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Deuteronomy 5:1-22 (ESV)
The Ten Commandments
5 And Moses summoned all Israel and said to them, “Hear, O Israel, the statutes and the rules that I speak in your hearing today, and you shall learn them and be careful to do them. 2 The Lord our God made a covenant with us in Horeb. 3 Not with our fathers did the Lord make this covenant, but with us, who are all of us here alive today. 4 The Lord spoke with you face to face at the mountain, out of the midst of the fire, 5 while I stood between the Lord and you at that time, to declare to you the word of the Lord. For you were afraid because of the fire, and you did not go up into the mountain. He said:
6 “‘I am the Lord your God, who brought you out of the land of Egypt, out of the house of slavery.
7 “‘You shall have no other gods before me.
8 “‘You shall not make for yourself a carved image, or any likeness of anything that is in heaven above, or that is on the earth beneath, or that is in the water under the earth. 9 You shall not bow down to them or serve them; for I the Lord your God am a jealous God, visiting the iniquity of the fathers on the children to the third and fourth generation of those who hate me, 10 but showing steadfast love to thousands of those who love me and keep my commandments.
11 “‘You shall not take the name of the Lord your God in vain, for the Lord will not hold him guiltless who takes his name in vain.
12 “‘Observe the Sabbath day, to keep it holy, as the Lord your God commanded you. 13 Six days you shall labor and do all your work, 14 but the seventh day is a Sabbath to the Lord your God. On it you shall not do any work, you or your son or your daughter or your male servant or your female servant, or your ox or your donkey or any of your livestock, or the sojourner who is within your gates, that your male servant and your female servant may rest as well as you. 15 You shall remember that you were a slave in the land of Egypt, and the Lord your God brought you out from there with a mighty hand and an outstretched arm. Therefore the Lord your God commanded you to keep the Sabbath day.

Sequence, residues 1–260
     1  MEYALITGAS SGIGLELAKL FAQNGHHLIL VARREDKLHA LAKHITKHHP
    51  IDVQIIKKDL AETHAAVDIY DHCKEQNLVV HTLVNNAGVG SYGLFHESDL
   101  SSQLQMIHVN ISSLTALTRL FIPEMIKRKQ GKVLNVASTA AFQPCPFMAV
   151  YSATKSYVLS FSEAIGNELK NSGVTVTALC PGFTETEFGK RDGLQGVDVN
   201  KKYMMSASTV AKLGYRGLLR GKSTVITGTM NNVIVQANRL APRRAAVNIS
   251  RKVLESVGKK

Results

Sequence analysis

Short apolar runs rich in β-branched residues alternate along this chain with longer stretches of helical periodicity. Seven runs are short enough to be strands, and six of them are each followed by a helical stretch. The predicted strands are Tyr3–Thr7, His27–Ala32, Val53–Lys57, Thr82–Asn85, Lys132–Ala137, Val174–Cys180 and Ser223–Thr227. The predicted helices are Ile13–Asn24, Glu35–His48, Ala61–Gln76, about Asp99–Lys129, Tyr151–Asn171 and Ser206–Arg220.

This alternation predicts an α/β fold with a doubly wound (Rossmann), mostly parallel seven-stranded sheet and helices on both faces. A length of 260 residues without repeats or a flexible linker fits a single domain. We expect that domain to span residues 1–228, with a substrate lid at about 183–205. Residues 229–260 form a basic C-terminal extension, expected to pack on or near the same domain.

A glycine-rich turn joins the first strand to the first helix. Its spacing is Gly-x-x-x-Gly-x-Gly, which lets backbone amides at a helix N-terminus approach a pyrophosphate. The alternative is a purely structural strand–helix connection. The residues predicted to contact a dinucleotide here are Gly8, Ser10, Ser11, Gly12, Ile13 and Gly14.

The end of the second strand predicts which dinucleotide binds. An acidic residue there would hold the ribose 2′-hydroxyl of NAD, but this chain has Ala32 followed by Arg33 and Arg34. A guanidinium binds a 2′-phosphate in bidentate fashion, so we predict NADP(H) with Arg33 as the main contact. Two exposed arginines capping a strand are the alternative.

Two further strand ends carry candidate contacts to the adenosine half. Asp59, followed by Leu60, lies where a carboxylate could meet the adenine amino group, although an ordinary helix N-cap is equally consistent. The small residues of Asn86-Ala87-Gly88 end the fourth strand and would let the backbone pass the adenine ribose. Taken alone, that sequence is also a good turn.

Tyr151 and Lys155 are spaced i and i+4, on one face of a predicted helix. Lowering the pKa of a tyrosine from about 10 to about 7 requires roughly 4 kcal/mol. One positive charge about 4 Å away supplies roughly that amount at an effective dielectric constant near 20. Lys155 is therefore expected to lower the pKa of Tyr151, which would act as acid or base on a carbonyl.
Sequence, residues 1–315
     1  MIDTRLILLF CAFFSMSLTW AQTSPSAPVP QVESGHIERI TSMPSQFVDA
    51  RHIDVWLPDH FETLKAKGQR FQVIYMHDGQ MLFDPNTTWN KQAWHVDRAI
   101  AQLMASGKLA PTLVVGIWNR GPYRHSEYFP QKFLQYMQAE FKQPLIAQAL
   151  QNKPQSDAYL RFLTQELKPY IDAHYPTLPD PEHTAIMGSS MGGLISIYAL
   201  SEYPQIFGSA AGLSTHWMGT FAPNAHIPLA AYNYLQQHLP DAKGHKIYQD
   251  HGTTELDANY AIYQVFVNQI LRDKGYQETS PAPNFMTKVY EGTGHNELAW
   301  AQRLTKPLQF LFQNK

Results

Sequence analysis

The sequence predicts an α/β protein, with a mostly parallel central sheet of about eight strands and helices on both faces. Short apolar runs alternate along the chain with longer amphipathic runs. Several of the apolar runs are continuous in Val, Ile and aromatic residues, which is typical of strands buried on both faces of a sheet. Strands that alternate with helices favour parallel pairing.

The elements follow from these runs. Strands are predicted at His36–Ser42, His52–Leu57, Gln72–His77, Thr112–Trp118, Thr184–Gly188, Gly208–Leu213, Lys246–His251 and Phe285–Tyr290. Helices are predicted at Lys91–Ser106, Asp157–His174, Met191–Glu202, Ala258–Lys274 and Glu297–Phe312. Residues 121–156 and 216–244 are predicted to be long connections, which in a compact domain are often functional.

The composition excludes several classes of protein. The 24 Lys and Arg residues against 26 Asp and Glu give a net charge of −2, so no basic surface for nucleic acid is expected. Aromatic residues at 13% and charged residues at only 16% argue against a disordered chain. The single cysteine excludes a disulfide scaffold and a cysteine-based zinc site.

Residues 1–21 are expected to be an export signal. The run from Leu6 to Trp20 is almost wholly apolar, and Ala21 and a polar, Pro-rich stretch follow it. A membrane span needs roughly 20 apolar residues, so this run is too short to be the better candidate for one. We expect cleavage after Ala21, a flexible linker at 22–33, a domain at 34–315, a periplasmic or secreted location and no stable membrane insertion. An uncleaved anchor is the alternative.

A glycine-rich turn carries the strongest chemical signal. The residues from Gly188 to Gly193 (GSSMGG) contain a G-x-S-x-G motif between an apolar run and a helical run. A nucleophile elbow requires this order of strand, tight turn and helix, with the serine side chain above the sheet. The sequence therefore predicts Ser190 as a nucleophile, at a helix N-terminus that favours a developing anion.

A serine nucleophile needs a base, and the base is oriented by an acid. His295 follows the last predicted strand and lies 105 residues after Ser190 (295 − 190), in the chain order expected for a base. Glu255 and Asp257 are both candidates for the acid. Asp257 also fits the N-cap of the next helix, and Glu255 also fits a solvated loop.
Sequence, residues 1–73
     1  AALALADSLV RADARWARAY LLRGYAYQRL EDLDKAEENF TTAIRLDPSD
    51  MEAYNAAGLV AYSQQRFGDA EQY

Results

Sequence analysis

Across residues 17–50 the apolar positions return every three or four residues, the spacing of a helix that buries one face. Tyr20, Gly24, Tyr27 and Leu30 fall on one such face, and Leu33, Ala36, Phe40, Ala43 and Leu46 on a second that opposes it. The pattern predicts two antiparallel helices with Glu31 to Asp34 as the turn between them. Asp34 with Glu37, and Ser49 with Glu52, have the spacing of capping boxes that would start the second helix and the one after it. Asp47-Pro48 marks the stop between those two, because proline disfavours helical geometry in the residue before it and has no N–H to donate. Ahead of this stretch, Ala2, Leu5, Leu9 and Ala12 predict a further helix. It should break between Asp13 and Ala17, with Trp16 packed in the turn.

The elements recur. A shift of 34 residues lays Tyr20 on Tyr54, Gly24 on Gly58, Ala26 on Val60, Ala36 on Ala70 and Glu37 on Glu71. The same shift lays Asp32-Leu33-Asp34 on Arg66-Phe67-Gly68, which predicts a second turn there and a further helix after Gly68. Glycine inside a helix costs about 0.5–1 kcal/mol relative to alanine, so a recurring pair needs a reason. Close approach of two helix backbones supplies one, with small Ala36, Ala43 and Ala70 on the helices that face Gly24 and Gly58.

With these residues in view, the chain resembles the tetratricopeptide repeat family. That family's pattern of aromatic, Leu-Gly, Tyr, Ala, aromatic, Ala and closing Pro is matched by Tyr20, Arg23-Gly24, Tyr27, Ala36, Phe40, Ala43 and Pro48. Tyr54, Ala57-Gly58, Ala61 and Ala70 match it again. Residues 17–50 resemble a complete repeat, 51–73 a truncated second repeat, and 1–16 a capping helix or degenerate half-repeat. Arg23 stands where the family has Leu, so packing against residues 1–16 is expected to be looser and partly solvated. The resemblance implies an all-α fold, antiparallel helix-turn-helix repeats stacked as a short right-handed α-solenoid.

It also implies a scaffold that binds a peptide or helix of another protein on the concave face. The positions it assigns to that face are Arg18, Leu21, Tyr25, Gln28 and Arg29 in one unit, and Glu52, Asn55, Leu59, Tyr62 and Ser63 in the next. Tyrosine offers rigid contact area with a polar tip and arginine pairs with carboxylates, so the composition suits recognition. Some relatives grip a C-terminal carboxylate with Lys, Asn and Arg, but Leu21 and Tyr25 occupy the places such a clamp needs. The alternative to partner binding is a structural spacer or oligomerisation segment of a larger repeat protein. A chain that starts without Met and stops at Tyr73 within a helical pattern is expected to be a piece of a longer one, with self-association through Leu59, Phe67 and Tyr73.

16 “‘Honor your father and your mother, as the Lord your God commanded you, that your days may be long, and that it may go well with you in the land that the Lord your God is giving you.
17 “‘You shall not murder.
18 “‘And you shall not commit adultery.
19 “‘And you shall not steal.
20 “‘And you shall not bear false witness against your neighbor.
21 “‘And you shall not covet your neighbor’s wife. And you shall not desire your neighbor’s house, his field, or his male servant, or his female servant, his ox, or his donkey, or anything that is your neighbor’s.’
22 “These words the Lord spoke to all your assembly at the mountain out of the midst of the fire, the cloud, and the thick darkness, with a loud voice; and he added no more. And he wrote them on two tablets of stone and gave them to me.
The 10 Commandments first appear in the Bible in Exodus 20. Today we look at their second appearance. Here in the book of Deuteronomy, the people of Israel have finished their 40 years in the wilderness, and are just about to enter the promised land of Canaan. Before they go in, Moses gives a long speech to the people, reviewing the key teachings and events from the time they left Egypt. Since the giving of the 10 Commandments was one of the most important things that happened, Moses repeats the teaching, but adds a few items of emphasis. The first is in verse 5:2, which explains that the Commandments are part of a covenant God made with the people at Horeb (Horeb is the other name for Mt. Sinai.) A covenant is a solemn, two-way agreement. Israel would agree to live according to God’s instructions, and God would promise to be their God and protect them and prosper them. The second new detail is in v. 15, where Moses explains why they should rest on the Sabbath day. Whereas Exodus points to how God himself rested on the 7th day of creation, here Moses points to the Sabbath as a weekly reminder of how God rescued Israel from slavery. Christians worship on Sunday for the same reason: to remember and appreciate how Christ has rescued us from sin, death, and Satan.